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AY4519: THE ARCHAEOLOGY OF EAST ASIA: RICE, RITES AND SACRIFICE (2017-2018)

Last modified: 16 Nov 2016 18:26


Course Overview

There's more to East Asian Archaeology than Terracotta Warriors and the Great Wall! From late Pleistocene Hunter-Gatherers to the formation of States and Empires, this course provides an introduction to the archaeology of China, Korea, Mongolia, and Japan, focusing on the origins of agriculture, it's consequences and the development of complex societies in this region.

Course Details

Study Type Undergraduate Level 4
Session Second Sub Session Credit Points 15 credits (7.5 ECTS credits)
Campus Old Aberdeen Sustained Study No
Co-ordinators
  • Dr Joshua Wright

Qualification Prerequisites

  • Either Programme Level 4 or Programme Level 5

What courses & programmes must have been taken before this course?

  • Any Undergraduate Programme (Studied)

What other courses must be taken with this course?

None.

What courses cannot be taken with this course?

None.

Are there a limited number of places available?

No

Course Description

The territories of China, Korea, Mongolia, and Japan have formed a complex interaction sphere for thousands of years. This course offers a chronological survey covering the Holocene to the Early Medieval empires and offers an introduction to the archaeological data and models of society key to understanding the last 10,000 years in East Asia. Main foci will include the origins of agriculture and its consequences, the development of hierarchy and complex societies during the Neolithic and Bronze Age, regional interactions, and the roots and definition of the East Asian cultures we know today.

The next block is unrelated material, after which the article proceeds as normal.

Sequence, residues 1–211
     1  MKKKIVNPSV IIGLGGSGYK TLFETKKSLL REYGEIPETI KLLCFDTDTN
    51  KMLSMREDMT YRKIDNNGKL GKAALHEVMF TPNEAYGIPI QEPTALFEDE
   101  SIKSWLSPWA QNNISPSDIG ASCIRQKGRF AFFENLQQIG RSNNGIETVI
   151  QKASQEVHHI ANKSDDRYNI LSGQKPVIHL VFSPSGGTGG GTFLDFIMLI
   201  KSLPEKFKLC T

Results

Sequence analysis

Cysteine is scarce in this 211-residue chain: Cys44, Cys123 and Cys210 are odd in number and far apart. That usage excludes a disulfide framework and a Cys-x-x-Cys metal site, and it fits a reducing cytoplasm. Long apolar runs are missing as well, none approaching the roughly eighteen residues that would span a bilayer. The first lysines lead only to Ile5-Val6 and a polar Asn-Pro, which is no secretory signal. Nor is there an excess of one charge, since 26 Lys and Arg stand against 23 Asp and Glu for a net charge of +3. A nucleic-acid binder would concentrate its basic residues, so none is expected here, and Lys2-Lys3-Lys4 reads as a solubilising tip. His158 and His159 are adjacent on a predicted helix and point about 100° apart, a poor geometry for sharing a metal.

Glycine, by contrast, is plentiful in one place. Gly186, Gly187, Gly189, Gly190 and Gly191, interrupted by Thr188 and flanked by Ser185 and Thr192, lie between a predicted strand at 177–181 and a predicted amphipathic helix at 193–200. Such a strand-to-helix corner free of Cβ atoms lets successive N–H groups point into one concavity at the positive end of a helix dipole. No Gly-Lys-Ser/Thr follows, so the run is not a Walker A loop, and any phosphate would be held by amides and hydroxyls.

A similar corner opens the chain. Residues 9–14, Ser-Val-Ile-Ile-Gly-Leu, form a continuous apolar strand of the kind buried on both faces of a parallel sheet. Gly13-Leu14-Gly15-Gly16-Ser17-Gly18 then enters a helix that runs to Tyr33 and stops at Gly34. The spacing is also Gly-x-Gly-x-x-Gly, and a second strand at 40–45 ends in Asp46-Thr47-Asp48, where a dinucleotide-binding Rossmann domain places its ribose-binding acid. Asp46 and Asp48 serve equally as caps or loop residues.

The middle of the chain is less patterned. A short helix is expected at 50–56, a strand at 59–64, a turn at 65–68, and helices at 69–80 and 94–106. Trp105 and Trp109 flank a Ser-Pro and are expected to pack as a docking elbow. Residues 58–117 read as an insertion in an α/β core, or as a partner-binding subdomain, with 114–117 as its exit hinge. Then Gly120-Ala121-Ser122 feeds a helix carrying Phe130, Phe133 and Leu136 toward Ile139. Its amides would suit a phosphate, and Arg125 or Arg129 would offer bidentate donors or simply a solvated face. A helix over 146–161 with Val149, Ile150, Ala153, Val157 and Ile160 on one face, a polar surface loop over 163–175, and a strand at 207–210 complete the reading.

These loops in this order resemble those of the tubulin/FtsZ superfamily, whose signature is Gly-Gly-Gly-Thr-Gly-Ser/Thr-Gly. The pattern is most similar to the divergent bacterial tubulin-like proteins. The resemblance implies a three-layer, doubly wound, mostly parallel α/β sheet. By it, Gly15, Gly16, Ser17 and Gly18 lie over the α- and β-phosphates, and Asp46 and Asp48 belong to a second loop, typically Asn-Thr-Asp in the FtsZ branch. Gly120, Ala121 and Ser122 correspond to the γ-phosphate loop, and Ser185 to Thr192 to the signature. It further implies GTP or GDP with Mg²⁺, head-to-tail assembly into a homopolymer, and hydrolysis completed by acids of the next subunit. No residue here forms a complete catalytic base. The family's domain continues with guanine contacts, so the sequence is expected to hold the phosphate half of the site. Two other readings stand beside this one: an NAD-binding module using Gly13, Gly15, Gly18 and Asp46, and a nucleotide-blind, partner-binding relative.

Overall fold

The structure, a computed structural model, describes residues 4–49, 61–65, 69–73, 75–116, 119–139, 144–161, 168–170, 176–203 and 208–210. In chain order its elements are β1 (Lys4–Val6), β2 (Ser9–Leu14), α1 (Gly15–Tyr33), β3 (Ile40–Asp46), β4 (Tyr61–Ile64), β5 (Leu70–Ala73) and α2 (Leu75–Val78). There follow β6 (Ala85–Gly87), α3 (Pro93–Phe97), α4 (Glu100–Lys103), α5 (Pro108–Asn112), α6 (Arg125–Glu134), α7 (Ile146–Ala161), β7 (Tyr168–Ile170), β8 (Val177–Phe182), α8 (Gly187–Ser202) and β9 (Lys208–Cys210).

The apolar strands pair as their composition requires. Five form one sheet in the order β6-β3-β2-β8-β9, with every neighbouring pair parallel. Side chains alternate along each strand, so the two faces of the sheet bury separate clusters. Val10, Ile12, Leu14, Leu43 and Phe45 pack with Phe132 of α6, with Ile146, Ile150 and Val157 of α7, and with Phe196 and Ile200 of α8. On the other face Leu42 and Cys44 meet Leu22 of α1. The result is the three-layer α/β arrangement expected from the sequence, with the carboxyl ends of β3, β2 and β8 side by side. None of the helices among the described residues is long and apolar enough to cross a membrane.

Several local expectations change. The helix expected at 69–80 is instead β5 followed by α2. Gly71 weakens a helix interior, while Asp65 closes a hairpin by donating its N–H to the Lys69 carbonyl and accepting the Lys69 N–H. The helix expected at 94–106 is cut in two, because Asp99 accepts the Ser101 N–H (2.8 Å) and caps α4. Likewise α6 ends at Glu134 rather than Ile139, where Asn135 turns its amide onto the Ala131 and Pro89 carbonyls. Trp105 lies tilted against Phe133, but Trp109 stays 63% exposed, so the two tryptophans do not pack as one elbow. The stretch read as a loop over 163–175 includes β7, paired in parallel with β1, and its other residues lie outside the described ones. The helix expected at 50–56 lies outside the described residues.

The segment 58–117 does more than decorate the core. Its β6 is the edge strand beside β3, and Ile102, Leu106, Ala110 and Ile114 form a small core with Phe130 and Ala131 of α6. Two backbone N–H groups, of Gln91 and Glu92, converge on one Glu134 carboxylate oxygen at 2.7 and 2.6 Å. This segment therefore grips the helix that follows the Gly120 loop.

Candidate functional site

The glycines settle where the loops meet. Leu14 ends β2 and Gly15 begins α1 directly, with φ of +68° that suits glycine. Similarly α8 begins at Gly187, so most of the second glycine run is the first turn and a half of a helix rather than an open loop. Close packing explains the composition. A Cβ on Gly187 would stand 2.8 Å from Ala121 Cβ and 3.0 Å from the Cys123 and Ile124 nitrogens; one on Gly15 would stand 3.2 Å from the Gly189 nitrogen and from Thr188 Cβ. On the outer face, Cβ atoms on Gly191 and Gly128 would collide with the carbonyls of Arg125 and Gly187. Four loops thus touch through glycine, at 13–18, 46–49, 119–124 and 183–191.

Degree Programmes for which this Course is Prescribed

None.

Contact Teaching Time

Sorry, we don't have that information available.

Teaching Breakdown


Assessment

1st Attempt

  • In-class quizzes (20%)
  • Data analysis report (30%)
  • Essay (35%)
  • Tutorial participation (15%)

Formative Assessment

None.

Feedback

Assignments will all be evaluated with reference to the CGS. Written assignments (65%) will be evaluated and responded to individually through My Aberdeen along with specific notes alongside the written text itself (on PDF copies, submitted via Turnitin). Students work will be returned to them within 3 weeks or sooner. Quizzes (20%) will be directly marked and returned to the students during the next teaching session. Continuous evaluation of participation during tutorials, distance learning seminars, group work and discussions (15%) will take place throughout the course. Students will be able to request the state of their participation marking and advice how to improve it at any time during the semester. A written report on their overall participation (with grade) will be provided at the end of the course. All feedback will be provided through My Aberdeen.

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